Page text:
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Review: Men, Woman & Children (2014)

Men, Woman & Children (2014)

Directed by: Jason Reitman

Premise: An ensemble piece following several families and the way communication through digital media has altered their relationships. 

What Works: Men, Women & Children is one of those strange movies that isn’t very good and yet its performances are consistently impressive. The movie has multiple storylines and features many characters but by far the strongest narrative involves a high school football player (Ansel Elgort) who decides to quit the team after his mother abandons the family. He devotes his time to an online video game and develops and unlikely romance with a non-athlete (Kaitlyn Dever) whose mother maintains dictatorial control over her daughter’s digital interactions. In rebellion, the daughter maintains a secret online identity. The performances in this subplot are the strongest, in part because this portion of the film gives the actors the most to work with but also because it is one of the few narratives that is actually seen through to a conclusion. Ansel Elgort, who was also seen as a troubled teenager earlier this year in The Fault in Our Stars, does a very good job and he is able to be troubled and brooding but his pain comes across authentic without becoming self-absorbed and obnoxious in the way emo characters tend to become. Jennifer Garner is cast as the mother of his love interest and Garner plays the role of this misguided parent with conviction. She is the kind of parent who realizes the potential danger of the outside world but has overcompensated, confining her daughter to a digital bubble and ultimately precipitating the kind of behavior she was trying to avoid.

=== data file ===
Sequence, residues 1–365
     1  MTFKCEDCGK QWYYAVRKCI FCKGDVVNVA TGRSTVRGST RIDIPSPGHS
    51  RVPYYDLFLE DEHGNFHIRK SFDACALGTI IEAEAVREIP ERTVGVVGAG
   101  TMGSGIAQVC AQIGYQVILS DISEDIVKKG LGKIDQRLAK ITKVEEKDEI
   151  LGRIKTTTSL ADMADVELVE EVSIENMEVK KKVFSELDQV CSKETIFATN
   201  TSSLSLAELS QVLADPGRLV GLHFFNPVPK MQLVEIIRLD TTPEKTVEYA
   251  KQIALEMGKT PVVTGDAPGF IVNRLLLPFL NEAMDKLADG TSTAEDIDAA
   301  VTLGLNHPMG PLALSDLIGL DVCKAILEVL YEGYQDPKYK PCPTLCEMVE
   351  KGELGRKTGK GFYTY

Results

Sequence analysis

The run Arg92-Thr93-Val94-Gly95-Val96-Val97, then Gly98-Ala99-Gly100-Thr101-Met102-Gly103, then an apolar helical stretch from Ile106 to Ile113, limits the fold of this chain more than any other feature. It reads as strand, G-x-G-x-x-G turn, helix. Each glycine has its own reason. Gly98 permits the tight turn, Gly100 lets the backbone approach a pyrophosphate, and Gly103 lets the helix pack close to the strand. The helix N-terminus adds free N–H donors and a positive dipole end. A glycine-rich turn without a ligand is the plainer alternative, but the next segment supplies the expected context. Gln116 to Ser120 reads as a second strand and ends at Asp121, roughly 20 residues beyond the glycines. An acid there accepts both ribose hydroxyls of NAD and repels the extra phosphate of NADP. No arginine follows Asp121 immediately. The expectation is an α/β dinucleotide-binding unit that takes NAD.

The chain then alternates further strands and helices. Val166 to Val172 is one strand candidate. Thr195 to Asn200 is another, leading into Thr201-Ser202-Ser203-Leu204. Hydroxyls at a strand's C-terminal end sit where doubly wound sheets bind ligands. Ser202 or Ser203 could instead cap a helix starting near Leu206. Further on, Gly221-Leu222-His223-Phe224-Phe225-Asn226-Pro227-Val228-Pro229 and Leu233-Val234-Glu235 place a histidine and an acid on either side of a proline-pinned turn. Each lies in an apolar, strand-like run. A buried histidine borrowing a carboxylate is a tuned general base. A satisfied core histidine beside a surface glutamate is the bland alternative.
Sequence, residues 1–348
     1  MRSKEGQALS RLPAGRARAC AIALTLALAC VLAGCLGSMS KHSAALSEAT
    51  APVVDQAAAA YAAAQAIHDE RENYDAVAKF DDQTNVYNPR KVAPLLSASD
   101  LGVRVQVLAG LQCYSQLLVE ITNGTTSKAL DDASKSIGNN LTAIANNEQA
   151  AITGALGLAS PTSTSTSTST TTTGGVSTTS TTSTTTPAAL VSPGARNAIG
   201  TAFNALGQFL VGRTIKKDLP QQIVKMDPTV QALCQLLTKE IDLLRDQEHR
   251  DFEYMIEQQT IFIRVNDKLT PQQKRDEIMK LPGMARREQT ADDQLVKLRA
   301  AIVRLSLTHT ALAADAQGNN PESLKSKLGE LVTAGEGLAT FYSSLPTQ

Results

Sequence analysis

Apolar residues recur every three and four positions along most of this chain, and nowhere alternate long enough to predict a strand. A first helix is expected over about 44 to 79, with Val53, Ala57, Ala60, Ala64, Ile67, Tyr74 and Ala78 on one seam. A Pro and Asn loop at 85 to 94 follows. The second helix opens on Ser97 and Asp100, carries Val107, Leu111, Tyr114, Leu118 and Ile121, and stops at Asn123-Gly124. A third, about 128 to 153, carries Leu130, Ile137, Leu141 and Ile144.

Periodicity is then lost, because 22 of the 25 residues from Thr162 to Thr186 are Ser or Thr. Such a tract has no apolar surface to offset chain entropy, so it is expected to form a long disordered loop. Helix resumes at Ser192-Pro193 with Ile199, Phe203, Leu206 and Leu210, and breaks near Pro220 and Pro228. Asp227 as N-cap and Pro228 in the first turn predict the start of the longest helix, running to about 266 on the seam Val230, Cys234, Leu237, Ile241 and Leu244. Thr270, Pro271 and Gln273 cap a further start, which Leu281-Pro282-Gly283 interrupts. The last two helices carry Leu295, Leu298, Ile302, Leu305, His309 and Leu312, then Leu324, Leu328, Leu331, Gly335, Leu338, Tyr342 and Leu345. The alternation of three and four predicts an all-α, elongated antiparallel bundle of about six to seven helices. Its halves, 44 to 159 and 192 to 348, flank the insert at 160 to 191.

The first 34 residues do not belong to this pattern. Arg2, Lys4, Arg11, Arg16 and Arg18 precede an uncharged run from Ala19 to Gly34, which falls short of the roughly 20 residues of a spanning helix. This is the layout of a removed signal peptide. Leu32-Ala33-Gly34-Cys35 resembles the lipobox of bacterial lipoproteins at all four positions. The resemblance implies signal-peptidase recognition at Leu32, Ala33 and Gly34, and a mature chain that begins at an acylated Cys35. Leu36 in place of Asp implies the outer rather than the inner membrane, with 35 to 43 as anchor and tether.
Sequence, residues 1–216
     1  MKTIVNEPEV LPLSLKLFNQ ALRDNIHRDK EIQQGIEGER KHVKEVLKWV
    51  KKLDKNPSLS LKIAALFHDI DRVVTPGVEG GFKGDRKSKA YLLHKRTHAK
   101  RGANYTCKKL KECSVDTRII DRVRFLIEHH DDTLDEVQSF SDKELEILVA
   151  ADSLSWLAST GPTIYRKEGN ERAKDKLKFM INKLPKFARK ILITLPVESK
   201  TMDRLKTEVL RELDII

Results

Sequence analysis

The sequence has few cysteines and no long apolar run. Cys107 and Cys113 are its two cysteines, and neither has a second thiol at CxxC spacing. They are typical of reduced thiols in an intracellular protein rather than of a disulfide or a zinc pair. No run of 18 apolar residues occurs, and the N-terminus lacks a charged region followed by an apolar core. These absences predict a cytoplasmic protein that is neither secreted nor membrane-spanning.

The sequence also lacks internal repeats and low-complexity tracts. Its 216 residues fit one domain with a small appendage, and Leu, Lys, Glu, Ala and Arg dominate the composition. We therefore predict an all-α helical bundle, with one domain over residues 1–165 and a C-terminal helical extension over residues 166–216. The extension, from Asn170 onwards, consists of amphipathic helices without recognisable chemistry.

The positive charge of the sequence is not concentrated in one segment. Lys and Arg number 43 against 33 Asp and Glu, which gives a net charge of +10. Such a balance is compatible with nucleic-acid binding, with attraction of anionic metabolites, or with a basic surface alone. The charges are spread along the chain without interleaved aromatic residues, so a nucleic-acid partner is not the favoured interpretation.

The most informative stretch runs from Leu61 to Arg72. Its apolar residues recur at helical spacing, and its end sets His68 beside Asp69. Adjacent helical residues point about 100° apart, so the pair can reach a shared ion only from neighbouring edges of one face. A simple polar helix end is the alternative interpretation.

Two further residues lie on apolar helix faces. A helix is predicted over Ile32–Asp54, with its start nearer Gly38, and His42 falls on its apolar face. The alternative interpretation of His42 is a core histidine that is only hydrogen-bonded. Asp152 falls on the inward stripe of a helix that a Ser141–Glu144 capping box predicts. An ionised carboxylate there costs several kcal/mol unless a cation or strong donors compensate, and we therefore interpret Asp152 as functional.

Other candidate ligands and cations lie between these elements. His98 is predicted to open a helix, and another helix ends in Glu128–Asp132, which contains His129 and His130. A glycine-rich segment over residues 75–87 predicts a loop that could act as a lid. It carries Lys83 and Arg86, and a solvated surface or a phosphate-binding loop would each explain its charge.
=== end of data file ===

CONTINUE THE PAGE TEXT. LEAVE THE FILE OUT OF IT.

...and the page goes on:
What Doesn’t: There is a lot wrong with Men, Women & Children. The dialogue by the younger characters is often fraudulent; the teenagers don’t speak like authentic adolescents but like a middle aged writer’s best guess as to how a contemporary teenager would sound. As an ensemble piece, the filmmakers of Men, Women & Children have a lot of narrative plates but they don’t keep all of them spinning. The movie has more stories than its two hour running time can manage. The subplots lack the proper build up and most of them are never brought to any kind of meaningful conclusion. But aside from the problems with the architecture of the story, the flaw that really sinks Men, Women & Children is how convoluted it is about its own subject. The movie is ostensibly about the ways in which digital communication has distorted human interaction but nothing in the film really dramatizes that issue in a convincing or a compelling way. The filmmakers’ shortsightedness is most apparent in the regard for Jennifer Garner’s character. She plays a mother who is concerned for her daughter’s wellbeing and siphons all of her digital interactions. Garner’s character is made to be an antagonist, almost a villain in places, and in several scenes the filmmakers clearly hold her in contempt. But the filmmakers’ simplistic and Luddite attitude toward technology isn’t that far off from the hysterical fear mongering of their antagonist. In their attempt to make a self-consciously important statement about a supposedly pressing issue, the filmmakers of Men, Women & Children manage to not only be simultaneously heavy handed and superficial with the topic of social media but also trivialize much more serious issues such as eating disorders, marital infidelity, and depression. The movie juxtaposes images of computers and cellphones with the characters struggling with these issues but there is no implicit or explicit connection between the technology and their personal foibles and so the movie is extraordinarily sanctimonious while being intellectually and morally vacuous.

Bottom Line: The only thing worse than a pretentious movie is a pretentious movie that has nothing to say. Men, Woman & Children is a movie whose makers think they are making a big important statement about big important issues but this movie contributes nothing to anyone’s understanding about life in the digital age while managing to trivialize much more immediate human struggles.

Episode: #516 (November 2, 2014)